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IN RE STEVENS

August 16, 1979

In the Matter of Edward S. STEVENS, Bankrupt; Leonard S. SINGER, As Receiver for Heat Recovery Corporation, Plaintiff-Appellee,
v.
Edward S. STEVENS, Defendant-Appellant.



The opinion of the court was delivered by: LACEY

The bankrupt, Edward S. Stevens (Stevens), appeals from a determination of the bankruptcy court that his debt of $ 6,648, founded upon a state court judgment, and owed to the receiver, was non-dischargeable under § 17a(4) of the Bankruptcy Act (Act), 11 U.S.C. § 35a(4), which, in pertinent part, provides:

A discharge in bankruptcy shall release a bankrupt from all of his provable debts, whether allowable in full or in part, except such as . . . were created by his fraud, embezzlement, misappropriation or defalcation while acting as an officer or in any fiduciary capacity . . . .

 Id.

 The bankruptcy court found the underlying debt was created by Stevens' "misappropriation."

 The facts are largely undisputed and the record in the bankruptcy court was made by stipulation, without oral testimony.

 The plaintiff, state-court appointed receiver for Heat Recovery Corporation (HRC), charged below that the aforementioned sum of $ 6,648 was due and owing to him from Stevens and sought to have the debt declared nondischargeable. Stevens had previously filed a petition in bankruptcy.

 Well before 1977, and at all critical times, Stevens was president of HRC and owned 49% Of that company's stock.

 In June 1977 the receiver, through counsel, and pursuant to the powers granted him by the state court, conducted a hearing at which Stevens testified. Subsequently, the receiver proceeded in state court to recover from Stevens the sum of $ 7,648 which, the receiver alleged, had been improperly taken from HRC. On March 10, 1978, the dispute was settled and judgment was entered against Stevens, upon his consent, in the sum of $ 6,648. Stevens, having now filed his bankruptcy petition, contends that judgment debt is dischargeable. The receiver, of course, contends otherwise.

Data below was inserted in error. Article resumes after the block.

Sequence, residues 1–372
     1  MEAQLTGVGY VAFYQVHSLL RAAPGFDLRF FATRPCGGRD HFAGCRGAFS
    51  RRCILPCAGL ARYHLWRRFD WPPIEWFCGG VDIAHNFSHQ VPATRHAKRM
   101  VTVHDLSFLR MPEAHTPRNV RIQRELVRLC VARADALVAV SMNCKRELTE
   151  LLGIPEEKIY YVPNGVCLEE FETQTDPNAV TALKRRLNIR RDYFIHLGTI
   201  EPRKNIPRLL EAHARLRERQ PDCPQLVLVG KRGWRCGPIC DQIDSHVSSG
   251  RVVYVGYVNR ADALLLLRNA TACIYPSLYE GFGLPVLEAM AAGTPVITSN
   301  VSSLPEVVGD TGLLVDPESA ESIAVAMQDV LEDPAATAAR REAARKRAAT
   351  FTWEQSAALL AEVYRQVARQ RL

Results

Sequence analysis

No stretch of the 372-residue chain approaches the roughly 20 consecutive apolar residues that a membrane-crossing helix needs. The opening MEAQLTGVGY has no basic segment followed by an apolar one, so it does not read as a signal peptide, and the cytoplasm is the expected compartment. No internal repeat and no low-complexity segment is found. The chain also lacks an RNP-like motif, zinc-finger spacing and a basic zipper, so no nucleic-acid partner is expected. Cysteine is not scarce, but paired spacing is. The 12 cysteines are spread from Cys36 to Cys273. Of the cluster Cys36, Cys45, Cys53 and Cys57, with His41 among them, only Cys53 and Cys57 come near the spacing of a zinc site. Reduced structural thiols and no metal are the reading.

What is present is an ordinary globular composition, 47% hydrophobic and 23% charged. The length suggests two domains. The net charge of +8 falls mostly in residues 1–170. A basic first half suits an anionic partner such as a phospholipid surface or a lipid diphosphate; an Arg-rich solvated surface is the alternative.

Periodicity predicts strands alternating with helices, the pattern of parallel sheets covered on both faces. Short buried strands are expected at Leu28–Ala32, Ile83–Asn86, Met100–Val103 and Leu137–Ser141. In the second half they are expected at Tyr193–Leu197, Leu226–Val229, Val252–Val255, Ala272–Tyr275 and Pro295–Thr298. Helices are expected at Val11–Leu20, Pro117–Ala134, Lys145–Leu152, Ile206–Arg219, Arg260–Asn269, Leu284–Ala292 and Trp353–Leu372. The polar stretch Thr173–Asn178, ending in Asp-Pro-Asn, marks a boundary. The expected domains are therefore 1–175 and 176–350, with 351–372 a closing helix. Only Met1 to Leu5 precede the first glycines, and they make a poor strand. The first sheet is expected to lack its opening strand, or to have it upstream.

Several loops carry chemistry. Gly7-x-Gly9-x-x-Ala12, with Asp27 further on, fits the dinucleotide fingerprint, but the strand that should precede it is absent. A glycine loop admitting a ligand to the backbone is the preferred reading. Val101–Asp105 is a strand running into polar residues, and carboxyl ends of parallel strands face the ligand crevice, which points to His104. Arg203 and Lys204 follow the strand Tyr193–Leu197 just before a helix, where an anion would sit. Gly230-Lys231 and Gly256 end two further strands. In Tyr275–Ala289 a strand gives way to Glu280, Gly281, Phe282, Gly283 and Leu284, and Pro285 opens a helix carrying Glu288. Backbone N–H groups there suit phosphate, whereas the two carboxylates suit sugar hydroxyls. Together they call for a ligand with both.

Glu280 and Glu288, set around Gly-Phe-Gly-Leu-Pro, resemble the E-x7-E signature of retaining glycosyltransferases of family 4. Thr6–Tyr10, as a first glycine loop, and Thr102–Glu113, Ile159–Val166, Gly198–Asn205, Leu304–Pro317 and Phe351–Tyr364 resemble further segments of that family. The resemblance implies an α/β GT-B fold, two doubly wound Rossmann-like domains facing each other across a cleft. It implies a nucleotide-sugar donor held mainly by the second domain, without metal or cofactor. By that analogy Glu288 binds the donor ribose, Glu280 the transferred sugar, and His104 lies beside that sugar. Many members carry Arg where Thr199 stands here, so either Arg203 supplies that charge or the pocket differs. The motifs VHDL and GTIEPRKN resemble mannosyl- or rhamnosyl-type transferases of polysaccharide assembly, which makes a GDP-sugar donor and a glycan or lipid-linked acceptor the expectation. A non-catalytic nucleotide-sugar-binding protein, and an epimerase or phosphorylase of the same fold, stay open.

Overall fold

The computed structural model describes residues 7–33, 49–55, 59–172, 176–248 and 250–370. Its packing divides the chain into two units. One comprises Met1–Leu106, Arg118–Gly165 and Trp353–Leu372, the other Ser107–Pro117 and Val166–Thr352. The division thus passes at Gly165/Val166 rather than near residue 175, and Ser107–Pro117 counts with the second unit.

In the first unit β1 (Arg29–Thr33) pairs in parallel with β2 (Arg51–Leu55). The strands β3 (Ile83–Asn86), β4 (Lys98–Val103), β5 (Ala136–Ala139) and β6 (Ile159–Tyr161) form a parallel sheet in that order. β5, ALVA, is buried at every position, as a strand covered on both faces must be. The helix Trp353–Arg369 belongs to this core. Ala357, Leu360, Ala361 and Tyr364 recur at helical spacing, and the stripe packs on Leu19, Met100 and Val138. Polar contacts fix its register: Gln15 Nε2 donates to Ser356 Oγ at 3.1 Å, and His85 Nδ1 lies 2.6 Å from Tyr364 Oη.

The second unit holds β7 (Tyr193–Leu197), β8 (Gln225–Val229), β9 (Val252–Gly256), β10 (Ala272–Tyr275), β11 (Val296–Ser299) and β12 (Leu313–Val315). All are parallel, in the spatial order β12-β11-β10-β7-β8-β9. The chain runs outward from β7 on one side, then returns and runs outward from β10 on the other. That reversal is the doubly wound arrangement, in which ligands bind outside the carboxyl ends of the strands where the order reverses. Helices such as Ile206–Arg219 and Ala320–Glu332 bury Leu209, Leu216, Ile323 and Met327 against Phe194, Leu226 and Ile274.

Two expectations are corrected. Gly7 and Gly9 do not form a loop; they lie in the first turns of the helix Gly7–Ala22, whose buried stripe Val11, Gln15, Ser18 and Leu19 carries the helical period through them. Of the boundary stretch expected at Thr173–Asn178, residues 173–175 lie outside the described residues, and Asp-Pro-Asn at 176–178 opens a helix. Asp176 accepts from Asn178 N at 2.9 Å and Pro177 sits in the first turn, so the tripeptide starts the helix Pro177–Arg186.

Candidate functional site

The total amount of the consent judgment comprises two separate sums and transactions:

 
1. An HRC check, No. 388, signed by Stevens for the company, dated April 7, 1977, for $ 2,348, drawn to the order of cash, which Stevens then cashed on April 7, retaining the proceeds for his own use on a claim that this represented his salary for the month of April 1977;
 
2. An HRC check, No. 398, signed by Stevens for the company, dated April 12, 1977, for $ 4,300, drawn to the order of cash, which Stevens then cashed on April 13, retaining the proceeds for his own use on a claim that the sum represented partial payment of vacation pay due and owing him over the preceding four years.

 These checks were procured by Stevens at a time when HRC's financial picture was grim. As the bankruptcy court quite properly found:

 
In April 1977 Heat Recovery Corporation was indebted to the First National State Bank of New Jersey in the sum of $ 495,000. The indebtedness arose out of certain ninety day notes which had been renewed every ninety days since they were executed in early 1976. No payments on the indebtedness were ever made.
 
For the previous two years Heat Recovery Corporation had been operating at a deficit. During the last eight months of 1976 it showed losses of $ 88,340 and, as of the end of 1976, showed a capital deficit of approximately $ 170,000. It was unable to pay its U.S. Internal Revenue taxes due for the last quarter of 1976, which nonpayment had prompted a visit from federal internal revenue officials in 1977.
 
For some time previous, the First National State Bank of New Jersey had expressed concern over the status of its account. As a result of its dissatisfaction with the nonpayment of its loan, on April 12, 1977 three officials of the bank, accompanied by two members from the law firm which represented it, appeared at the offices of Heat Recovery Corporation. They advised the bankrupt that, pursuant to the financing agreement, they were calling in their loan and were taking possession of the funds and receivables of the company. They suggested to the bankrupt that he might want to advise the company employees that they would be terminated, as there would be no funds available to meet the payroll.

 Opinion, 2.

 On this appeal the bankrupt does not contest the finding of the bankruptcy court that the bankrupt, at the time he received and cashed the two checks (nos. 388 and 398) had "knowledge of the insolvent condition of the company and . . . actual knowledge of the takeover of assets of ...


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